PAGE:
I'm preparing for a six-week US junket on the company with the boss to look at new comms gear. This means I'm going to have to take on someone to do my job while I'm away.
The ex-office brown-nose applied for the position, but unfortunately he was late for his interview when the lift in which he was a passenger mysteriously blew a control breaker. A pity they didn't discover him till after the weekend, by which time he was a drooling vegetable. It all adds fuel to my argument that I require a larger 'miscellaneous' budget to employ part-time staff to check things like lift emergency telephones and alarm switches.
As far as the job went, within a couple of days I have a 'green and keen' contractor occupying the spare desk. Now to teach him the ropes...
"OK quick outline, we look after every communications entity in the building. And they all belong to me. Not the user. Me. Remember that, it's important!"
"They belong to you." he repeats
"No, never say that. Always say, they belong to 'ME'. You don't want to give the users the idea that comms is something they should get involved in."
"They belong to me. So we look after phones as well?"
"Phones, fire and intruder alarms, intercoms, networks, microwave link, miscellaneous control systems; hell, if they bought semaphore flags we'd probably be looking after them," I say, pointing out the respective chapters in my site management bible.
"How do you get away with it?" he asks.
"Simple. I apply the basic rule of standardisation. Everything gets done in a standard way, and no-one but me knows anything about it."
"It's all in your head?..."
"No, no. It's all copiously documented in that safe over there," I reply, indicating a large armageddon-proof box in the corner.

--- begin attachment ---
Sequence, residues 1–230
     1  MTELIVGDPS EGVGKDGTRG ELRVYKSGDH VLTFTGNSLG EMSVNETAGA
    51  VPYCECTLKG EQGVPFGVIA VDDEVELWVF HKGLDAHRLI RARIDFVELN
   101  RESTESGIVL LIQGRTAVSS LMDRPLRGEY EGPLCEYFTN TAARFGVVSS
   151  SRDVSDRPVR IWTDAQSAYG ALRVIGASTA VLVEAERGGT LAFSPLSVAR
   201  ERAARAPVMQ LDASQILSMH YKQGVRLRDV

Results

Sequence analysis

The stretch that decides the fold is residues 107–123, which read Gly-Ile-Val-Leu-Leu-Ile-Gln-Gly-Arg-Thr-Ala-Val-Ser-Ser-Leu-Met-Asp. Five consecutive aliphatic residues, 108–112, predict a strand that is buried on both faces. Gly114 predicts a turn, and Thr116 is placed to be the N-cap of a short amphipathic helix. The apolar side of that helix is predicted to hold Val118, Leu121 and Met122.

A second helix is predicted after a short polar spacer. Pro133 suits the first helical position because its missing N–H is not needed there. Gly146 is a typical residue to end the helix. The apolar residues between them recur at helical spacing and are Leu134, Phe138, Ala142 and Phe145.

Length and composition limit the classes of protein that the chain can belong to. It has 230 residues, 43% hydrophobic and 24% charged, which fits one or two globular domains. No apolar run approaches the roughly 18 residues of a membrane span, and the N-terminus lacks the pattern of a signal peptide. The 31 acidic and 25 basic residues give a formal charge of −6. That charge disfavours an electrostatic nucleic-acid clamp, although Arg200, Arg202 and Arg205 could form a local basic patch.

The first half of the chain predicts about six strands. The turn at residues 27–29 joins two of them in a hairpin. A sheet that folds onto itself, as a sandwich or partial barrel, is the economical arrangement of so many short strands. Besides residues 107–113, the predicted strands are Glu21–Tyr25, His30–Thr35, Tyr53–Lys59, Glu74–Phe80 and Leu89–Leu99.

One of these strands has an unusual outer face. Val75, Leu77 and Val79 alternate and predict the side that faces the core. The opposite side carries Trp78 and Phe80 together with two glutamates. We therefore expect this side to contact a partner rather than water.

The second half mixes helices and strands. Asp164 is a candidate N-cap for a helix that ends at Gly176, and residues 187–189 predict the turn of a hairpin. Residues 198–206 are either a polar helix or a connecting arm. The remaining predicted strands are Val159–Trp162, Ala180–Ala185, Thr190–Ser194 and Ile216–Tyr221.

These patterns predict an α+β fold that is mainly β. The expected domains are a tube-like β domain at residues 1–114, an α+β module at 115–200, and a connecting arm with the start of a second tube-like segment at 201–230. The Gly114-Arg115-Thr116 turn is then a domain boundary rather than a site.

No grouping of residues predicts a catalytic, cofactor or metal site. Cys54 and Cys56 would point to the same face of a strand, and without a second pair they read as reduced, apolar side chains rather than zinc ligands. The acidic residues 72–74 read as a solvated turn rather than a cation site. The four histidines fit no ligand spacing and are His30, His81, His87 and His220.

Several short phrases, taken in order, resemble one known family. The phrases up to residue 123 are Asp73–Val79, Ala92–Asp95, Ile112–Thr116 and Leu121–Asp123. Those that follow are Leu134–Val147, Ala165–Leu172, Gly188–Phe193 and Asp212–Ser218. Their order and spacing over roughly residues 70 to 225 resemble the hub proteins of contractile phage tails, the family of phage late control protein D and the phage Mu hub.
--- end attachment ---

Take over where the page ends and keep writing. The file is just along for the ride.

"Who has access to it?"
"And your boss..?"
"He has a key that he likes to think will open it. In actual fact, it's a duplicate of the key to the CEO's wine safe in the basement."
"Does the boss know?"
"How could he. He's not allowed in either area."
"He's not allowed in here?"
"Of course not. He's management and this is a sensitive area. Standardisation, remember. Just mention to the CEO that we have phone-tap equipment and you get a fat security budget to play with."
"Aren't you worried the boss will find out about the key?" my employee asks.
"Not as worried as he'd be when I mention informing the CEO about it. There's been a surprising amount of pilfering going on. It wouldn't look good on his permanent record when he went looking for his next job..."
"What a tragedy. Okay, I've got all that, what do I do?"
"Nothing, I've done it all. Familiarise yourself with the site management bible. It'll tell you all the major problems that could befall us, what to do and who to contact. See that phone on your desk - don't ever answer it, it'll just be some user who's moved his machine and expects the data-sockets to be live."
"Like I said, it's mostly in the site bible. Oh, remember to put the voice recorder tapes into the fireproof back-up safe!"
"That's in case we have a verbal contract disagreement?"
"No, that's so I can listen to the boss's personal phone calls. Honestly, it's better than 'Days of Our Lives'. Also, never mention the name 'Pooky' or he'll know I'm onto him."
"OK, what if the helpdesk corners me?"
"Hmmm. Well, as I haven't introduced you to them, you've got a week's grace. After that, use the excuse that you can't accept helpdesk calls until you have a username to receive the email so that the process can be tracked by me when I return. That'll buy you another couple of days. Add two more days for documentation on paper and then you might squeeze yet another week or two out if you use the old routine 'log a fault call' - preferably on some ancient noticeboard using the tried and trusted postcard method. Remember to make some number up and write it on the incident board as 'proof'. When you can't delay any more, use the network monitor to drop the CEO's data ports. He has priority and you can kill at least a day 'isolating the failure'."
"What happens if the CEO corners me?"
"Play it safe and brown-nose. Get him a coffee and take him on a tour of the central comms room. When he's mesmerised by the flashing lights, nudge his arm when you open a cabinet door so that the coffee spills through the floor tiles. The master breaker will pop so fast he won't even have time to say 'woopsy'. After that, no-one's going to complain about anything. Got all that?"
"Right, get to work."